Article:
• In contrast to epidural block, loss of resistance or pop in thoracic paravertebral space is highly subjective. Therefore, following gentle aspiration, a local anesthetic can be administered. If necessary, a catheter is advanced up to two to three centimeters of the thoracic paravertebral space.

  • To avoid an accidental pleural puncture, sonographic measurements of the distances from the skin to the transverse process and parietal pleura can be used to determine the depth of needle insertion.

B. Ultrasound-Guided Technique:

1. Longitudinal Oblique, In-Plane Technique:

  • The ultrasound probe is positioned caudocranially, approximately five centimeters from the midline, to identify the ribs and pleura.

  • The probe is moved medially till the ribs transition (convex) to the transverse process (more squared and superficial) is visible. The probe is then rotated anticlockwise, so the cranial end is medial, and the caudal end is now lateral.

  • Finally, the probe is gently tilted laterally to enhance the image. Then, the needle is advanced from caudal to cranial in the plane of the ultrasound beam.

  • When the superior costotransverse ligament (SCTL) is perforated, the needle tip is in the paravertebral space, and a local anesthetic, when administered, will push the pleura downward.

2. Transverse, In-Plane Technique:

  • To identify the rib, the ultrasound probe is inserted transversely (axially), just lateral to the midline. The probe is then moved caudally to view the intercostal space.

  • The pleura and the internal intercostal membrane that is continuous with the superior costotransverse ligament (SCTL) should be visible.

  • The needle is progressed from lateral to medial towards the transverse process until it pierces the internal intercostal membrane.

  • After confirming that the aspiration is negative, a local anesthetic is administered, and the pleura is re-visualized, moving downwards.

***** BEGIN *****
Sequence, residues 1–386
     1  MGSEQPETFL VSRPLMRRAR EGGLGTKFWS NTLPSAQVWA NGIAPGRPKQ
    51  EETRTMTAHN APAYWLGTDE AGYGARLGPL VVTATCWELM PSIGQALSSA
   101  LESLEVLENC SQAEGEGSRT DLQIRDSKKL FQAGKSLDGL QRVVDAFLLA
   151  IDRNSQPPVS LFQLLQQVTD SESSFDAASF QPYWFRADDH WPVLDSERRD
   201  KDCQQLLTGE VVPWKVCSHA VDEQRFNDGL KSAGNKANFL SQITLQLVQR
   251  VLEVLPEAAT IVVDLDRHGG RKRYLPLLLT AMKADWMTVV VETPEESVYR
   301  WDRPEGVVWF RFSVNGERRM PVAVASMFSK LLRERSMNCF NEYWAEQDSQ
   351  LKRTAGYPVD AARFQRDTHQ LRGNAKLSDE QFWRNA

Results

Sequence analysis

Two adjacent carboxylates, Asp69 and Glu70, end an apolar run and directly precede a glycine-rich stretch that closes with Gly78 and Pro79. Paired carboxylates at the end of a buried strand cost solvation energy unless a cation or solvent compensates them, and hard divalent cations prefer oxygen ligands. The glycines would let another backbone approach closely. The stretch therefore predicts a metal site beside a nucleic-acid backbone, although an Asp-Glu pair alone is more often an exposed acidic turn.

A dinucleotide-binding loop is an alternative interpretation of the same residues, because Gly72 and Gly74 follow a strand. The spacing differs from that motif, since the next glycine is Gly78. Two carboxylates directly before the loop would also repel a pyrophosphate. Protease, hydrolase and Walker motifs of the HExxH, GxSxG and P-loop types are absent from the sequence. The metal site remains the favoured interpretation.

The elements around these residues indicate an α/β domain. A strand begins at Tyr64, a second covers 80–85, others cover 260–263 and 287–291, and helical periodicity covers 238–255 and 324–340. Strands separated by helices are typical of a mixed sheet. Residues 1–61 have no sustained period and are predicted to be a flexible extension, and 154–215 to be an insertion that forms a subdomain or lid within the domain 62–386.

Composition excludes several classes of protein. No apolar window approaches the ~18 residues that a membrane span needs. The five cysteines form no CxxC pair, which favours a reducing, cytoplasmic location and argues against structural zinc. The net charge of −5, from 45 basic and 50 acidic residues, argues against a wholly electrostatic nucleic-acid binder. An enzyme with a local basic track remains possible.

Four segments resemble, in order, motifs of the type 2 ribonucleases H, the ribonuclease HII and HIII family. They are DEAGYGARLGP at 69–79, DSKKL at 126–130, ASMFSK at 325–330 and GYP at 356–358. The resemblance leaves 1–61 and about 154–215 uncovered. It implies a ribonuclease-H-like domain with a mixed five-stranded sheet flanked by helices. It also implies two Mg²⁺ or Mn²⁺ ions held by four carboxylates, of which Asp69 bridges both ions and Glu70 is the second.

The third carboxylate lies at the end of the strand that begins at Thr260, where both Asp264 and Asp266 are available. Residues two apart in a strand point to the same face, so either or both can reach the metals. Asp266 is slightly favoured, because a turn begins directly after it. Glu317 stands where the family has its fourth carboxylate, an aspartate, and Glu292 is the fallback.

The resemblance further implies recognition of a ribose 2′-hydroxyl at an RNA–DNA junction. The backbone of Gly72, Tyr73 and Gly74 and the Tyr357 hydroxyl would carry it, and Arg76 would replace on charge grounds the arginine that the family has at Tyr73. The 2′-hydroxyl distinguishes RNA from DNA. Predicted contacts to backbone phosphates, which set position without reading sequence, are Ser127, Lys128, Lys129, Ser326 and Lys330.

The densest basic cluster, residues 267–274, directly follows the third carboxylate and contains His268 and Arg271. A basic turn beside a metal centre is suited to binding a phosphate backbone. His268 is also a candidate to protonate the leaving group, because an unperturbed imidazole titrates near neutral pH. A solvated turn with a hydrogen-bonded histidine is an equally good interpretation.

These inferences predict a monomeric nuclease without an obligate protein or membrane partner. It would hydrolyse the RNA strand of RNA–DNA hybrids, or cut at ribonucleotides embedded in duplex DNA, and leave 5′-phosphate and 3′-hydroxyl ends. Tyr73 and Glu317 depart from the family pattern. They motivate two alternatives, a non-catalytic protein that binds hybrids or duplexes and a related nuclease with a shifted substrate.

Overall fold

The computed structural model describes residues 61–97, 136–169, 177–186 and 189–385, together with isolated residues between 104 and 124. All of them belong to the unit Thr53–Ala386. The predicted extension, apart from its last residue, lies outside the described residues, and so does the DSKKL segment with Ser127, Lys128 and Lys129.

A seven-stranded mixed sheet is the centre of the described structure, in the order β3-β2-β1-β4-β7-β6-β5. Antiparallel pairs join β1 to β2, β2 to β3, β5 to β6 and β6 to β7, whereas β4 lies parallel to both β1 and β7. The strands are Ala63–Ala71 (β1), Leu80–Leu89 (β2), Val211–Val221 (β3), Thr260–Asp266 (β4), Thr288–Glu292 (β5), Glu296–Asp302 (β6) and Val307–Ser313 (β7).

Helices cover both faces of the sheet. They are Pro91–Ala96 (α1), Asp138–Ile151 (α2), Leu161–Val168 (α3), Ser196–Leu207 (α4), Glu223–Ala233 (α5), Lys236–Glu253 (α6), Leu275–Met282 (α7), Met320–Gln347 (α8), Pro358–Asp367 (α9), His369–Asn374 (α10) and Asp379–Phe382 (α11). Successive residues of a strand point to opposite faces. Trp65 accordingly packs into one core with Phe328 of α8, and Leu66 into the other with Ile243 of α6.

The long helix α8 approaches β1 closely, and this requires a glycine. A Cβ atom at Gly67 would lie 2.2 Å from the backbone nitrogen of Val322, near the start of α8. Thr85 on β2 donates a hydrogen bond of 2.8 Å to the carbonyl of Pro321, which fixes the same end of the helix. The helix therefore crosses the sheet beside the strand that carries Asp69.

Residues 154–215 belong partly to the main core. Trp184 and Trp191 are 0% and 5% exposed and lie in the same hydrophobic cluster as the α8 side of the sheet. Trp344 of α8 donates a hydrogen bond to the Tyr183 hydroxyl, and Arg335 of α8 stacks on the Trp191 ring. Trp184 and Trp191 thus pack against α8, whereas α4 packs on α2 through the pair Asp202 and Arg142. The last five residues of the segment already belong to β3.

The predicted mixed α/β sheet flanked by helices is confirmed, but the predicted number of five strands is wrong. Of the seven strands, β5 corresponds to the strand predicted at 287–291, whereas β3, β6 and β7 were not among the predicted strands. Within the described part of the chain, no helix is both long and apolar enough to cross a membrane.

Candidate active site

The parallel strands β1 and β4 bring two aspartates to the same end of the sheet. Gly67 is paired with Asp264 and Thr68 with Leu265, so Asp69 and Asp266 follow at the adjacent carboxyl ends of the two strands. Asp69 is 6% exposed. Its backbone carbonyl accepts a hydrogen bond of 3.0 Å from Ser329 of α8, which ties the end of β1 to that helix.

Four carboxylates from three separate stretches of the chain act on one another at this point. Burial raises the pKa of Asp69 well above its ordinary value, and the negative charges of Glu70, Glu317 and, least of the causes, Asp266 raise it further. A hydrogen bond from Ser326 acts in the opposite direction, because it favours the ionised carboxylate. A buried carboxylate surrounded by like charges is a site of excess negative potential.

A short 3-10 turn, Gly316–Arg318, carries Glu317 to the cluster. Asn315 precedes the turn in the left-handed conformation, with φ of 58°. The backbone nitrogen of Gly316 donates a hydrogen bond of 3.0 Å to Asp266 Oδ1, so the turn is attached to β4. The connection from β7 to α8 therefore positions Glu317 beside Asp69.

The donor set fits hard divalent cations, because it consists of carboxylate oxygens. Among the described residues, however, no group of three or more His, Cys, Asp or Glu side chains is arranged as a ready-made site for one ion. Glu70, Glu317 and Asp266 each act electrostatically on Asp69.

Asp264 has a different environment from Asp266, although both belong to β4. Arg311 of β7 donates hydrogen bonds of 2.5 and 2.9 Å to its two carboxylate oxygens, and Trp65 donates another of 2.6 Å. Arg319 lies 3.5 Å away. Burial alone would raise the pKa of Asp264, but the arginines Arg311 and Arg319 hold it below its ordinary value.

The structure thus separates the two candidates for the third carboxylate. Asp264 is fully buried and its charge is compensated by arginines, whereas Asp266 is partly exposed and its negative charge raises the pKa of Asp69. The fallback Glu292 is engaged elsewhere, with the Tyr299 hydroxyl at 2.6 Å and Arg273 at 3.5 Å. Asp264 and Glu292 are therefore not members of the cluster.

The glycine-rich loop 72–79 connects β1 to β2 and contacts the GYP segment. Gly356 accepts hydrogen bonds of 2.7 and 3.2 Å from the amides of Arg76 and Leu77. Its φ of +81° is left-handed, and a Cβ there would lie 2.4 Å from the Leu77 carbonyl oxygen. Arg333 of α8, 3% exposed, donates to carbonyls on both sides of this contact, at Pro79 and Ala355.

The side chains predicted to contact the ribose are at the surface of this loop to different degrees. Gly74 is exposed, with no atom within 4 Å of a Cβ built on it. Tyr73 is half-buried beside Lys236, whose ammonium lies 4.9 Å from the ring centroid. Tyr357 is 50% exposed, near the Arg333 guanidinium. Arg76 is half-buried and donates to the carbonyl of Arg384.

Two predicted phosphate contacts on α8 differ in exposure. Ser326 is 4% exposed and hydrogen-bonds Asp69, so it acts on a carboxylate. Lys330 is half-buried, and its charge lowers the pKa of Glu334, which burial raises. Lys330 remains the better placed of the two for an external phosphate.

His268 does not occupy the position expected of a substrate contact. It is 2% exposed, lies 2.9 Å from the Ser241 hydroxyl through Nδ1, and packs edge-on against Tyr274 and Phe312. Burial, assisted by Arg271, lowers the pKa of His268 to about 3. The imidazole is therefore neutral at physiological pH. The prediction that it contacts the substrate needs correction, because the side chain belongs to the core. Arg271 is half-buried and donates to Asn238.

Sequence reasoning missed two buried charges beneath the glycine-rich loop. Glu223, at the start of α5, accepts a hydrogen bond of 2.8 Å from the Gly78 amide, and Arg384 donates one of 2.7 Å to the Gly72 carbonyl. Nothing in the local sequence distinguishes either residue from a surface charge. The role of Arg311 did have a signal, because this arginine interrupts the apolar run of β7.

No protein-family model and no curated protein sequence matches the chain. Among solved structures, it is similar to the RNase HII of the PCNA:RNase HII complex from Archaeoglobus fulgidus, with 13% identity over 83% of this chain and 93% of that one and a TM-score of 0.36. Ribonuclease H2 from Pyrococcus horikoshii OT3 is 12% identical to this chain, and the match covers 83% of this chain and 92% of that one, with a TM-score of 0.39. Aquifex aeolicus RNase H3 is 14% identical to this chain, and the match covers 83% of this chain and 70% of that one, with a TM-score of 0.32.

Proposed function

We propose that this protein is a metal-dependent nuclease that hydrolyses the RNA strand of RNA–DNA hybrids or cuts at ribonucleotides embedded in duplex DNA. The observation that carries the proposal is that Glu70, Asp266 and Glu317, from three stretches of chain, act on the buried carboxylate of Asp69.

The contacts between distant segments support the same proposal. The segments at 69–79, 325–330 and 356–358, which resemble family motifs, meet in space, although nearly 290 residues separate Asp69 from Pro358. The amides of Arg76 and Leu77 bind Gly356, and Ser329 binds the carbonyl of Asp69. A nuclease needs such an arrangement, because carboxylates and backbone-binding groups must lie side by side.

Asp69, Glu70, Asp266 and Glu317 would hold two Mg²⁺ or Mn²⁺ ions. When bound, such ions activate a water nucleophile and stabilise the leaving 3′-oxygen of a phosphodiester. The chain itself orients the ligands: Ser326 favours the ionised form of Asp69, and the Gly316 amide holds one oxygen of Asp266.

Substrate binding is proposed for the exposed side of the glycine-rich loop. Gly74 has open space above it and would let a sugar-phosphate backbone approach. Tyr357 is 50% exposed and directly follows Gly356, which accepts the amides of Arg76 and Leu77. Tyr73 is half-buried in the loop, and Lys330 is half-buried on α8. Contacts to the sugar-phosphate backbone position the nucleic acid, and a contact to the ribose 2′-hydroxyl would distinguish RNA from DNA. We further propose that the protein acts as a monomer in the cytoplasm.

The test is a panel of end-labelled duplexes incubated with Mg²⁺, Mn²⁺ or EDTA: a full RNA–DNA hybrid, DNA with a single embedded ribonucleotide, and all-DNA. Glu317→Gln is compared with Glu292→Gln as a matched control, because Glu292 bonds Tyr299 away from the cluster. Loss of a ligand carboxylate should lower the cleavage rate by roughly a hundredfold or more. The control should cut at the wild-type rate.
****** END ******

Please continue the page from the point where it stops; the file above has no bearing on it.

• Visualization of structural anatomy, the shaft and the tip of the needle, local anesthetic spread, and catheter placement are all potential advantages of ultrasound-guided transverse paracervical vertebral block techniques.

  • Using ultrasound results in a shorter onset time, a longer duration of the block, less local anesthetic volume required lower failure and complication rates, and less patient discomfort.

What Are the Indications of Paracervical Block?

1. Postoperative Analgesia:

  • Surgeries in the thoracic region (open and thoracoscopic) (T4 to T5).

  • Surgeries involving the breast (T2 to T6).

  • Surgery involving the kidneys and ureters (T10 to L1).

  • Cholecystectomy (T6 to T7).

  • Herniorrhaphy is a surgical operation to correct the hernia (T10 to L2).

  • Appendicitis removal (T12 to L1).

  • Cardiovascular surgery with minimally invasive techniques (T1 to T7) and hepatectomy is the surgical resection of the liver (T6 to T7).

2. Surgical Anaesthesia:

  • Augmentation of the breast.

  • Herniorrhaphy is a surgical operation to correct the hernia.

3. Chronic Pain:

  • Neuropathy of the abdominal region and thoracic and from malignant and benign causes.

4. Miscellaneous:

  • Controlling hyperhidrosis therapeutically.

  • Analgesia of the liver capsule following blunt abdominal trauma.

  • Herpetic neuralgia (acute).

  • Anesthesia for rib fracture.

What Are the Contraindications of Paracervical Block?

1. Absolute Contraindications:

  • Allergy to local anesthetic drugs.

  • The patient refuses the technique.

2. Relative Contraindications:

  • Coagulopathy, bleeding disorders, or patients currently taking anticoagulant medication..

  • Patients who are suffering from kyphoscoliosis or other spinal deformities.

  • History of thoracic surgery.

  • Sepsis is caused by empyema and other causes.

  • A neoplastic mass occupies the paravertebral space.


Thoracic PVB is an excellent analgesic method for abdominal and thoracic surgeries, with catheter placement and local anesthetic infusion allowing extended analgesia. Ultrasound-guided advances in the field have success rates and may lower the risk of complications. Newer paraspinal blocks also show great promise, but more research is needed to determine their effectiveness.

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Last reviewed at:
14 Mar 2023  -  5 min read